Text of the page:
Young adulthood is often a season full of firsts: first move out of student housing; first time buying a car; first real dining room table; first full-time paycheck; first health insurance apart from parents’.
It is also a season of celebrations, as nearly every other weekend, April to September, is the wedding of a childhood, college or graduate school friend. There are passed-the-Bar-exam parties, medical school coat ceremonies, first promotions, and Saturdays spent helping friends move and celebrate their first home. There is a spattering of baby showers and adoption parties as friends begin to start families of their own.
Amid the excitement and right-of-passage firsts, young adulthood is also a season of embracing the already-but-not-yet: there’s enough in the paycheck to cover the rent, but not enough to fully furnish the condo; you won’t get a promotion without more education, but just can’t afford more student loans; your childhood bedroom is now redecorated for your sister’s kids and you get booted to the sleeper sofa for holidays since you’re the single one; you can pay all your bills, but are still filled with kid-on-Christmas-morning glee when someone else pays for a dinner you could never afford.
Perhaps the hardest adjustment to make during this season of life is that many of us are living somewhere for the first time without an automatic community — at college, grad school or internships. We have friends all over the globe, yet some of the people who know us best now see us the least. For some of us, work schedules barely allow any social time, so basically the only people we know are colleagues, the receptionist at the gym, or the doorman in our building. The independence of moving for employment, higher education or significant other is often coupled with leaving friends and family and starting over.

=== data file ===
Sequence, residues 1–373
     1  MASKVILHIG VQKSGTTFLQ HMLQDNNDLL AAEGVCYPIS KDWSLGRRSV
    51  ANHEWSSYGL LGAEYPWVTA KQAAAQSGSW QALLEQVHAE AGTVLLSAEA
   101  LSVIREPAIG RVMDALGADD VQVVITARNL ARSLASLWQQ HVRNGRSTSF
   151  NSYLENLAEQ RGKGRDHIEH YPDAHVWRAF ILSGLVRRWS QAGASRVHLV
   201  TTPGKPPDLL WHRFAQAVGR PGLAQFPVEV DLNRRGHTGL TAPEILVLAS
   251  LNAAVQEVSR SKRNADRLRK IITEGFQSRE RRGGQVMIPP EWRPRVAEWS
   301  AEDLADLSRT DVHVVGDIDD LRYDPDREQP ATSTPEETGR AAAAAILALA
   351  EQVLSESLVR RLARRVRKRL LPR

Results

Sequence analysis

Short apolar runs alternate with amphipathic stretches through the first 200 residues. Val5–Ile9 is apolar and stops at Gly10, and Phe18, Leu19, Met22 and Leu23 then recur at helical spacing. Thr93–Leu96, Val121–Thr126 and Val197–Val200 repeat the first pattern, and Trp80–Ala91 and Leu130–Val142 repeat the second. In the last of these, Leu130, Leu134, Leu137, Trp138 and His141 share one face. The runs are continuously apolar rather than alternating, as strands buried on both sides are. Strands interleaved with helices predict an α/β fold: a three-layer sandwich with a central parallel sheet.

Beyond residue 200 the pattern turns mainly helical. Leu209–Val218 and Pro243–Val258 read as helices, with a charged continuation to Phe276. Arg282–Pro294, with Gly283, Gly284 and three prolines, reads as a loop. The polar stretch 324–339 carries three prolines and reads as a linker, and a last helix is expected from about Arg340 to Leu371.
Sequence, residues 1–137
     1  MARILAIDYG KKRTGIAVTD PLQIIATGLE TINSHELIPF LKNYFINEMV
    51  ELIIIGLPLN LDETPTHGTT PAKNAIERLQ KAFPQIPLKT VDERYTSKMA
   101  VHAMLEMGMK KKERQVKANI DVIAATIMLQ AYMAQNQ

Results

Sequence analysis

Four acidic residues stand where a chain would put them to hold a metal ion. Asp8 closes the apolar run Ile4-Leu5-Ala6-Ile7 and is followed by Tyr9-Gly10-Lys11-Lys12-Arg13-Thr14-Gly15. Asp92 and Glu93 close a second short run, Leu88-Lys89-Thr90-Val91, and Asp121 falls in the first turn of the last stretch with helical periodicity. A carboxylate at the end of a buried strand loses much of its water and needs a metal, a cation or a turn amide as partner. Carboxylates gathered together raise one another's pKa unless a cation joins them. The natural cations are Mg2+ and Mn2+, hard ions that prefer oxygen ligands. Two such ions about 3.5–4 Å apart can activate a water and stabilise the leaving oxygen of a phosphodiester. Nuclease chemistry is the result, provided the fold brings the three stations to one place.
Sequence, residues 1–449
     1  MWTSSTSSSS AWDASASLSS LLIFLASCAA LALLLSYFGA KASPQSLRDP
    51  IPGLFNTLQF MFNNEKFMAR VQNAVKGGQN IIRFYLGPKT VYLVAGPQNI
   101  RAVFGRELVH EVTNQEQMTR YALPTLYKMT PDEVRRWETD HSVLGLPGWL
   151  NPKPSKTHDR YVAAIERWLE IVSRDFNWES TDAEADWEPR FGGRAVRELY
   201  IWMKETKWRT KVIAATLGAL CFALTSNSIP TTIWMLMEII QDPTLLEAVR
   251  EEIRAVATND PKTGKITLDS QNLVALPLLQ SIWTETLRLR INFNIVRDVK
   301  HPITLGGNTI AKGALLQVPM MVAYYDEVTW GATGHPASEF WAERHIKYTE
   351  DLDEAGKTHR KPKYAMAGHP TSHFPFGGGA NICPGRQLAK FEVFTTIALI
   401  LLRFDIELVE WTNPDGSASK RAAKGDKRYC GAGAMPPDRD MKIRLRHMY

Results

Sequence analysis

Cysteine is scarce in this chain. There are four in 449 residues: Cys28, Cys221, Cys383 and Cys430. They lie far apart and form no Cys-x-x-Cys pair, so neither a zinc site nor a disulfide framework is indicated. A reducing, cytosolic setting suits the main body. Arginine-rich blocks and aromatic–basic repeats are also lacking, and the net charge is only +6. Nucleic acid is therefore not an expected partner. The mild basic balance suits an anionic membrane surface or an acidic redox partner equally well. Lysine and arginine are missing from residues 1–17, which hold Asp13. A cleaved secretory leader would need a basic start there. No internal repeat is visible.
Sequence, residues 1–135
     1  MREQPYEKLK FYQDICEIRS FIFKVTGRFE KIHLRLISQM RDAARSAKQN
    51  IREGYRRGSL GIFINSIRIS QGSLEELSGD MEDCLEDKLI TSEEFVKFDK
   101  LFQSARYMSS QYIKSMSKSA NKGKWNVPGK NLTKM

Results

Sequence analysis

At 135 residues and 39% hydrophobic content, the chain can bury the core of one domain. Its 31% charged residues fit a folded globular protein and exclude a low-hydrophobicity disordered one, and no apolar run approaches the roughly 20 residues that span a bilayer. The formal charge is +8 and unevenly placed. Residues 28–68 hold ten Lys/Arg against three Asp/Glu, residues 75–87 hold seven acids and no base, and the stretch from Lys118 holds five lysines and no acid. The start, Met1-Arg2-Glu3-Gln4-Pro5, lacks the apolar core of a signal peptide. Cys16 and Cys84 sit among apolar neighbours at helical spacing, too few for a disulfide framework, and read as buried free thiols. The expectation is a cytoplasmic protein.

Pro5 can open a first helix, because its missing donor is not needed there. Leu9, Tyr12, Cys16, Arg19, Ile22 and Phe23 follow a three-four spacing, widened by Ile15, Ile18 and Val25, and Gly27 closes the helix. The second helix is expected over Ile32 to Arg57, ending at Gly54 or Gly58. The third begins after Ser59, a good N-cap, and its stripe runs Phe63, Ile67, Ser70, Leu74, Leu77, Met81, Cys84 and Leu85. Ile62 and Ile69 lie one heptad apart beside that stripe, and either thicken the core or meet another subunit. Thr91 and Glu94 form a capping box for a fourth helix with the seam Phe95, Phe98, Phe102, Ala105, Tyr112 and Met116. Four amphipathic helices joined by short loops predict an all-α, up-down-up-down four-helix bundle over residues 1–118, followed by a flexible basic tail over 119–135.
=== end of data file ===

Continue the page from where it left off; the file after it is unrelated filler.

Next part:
While feeling the loss of communities we once relied on may happen on any given day, it is even more powerful when we get news from home that grandmother is in the ICU, or father was diagnosed with cancer, or mother lost her job, or our best friend was critically injured in a car wreck. The distance may feel even greater after a loved one dies or there is a significant life change, and nobody who knows you best is close enough to talk to in person.
During periods of crisis and grief, the connectional gifts of technology are vital for supporting each other and ourselves. For instance, being able to Skype or FaceTime with the person who knows you best is significantly helpful when you have just learned of a family death or serious illness. It’s certainly not the same as meeting up after work, but it bridges the miles and brings great comfort. And, it’s often just as helpful for the friend accompanying you through grief to still be connected when they feel a million miles away and helpless.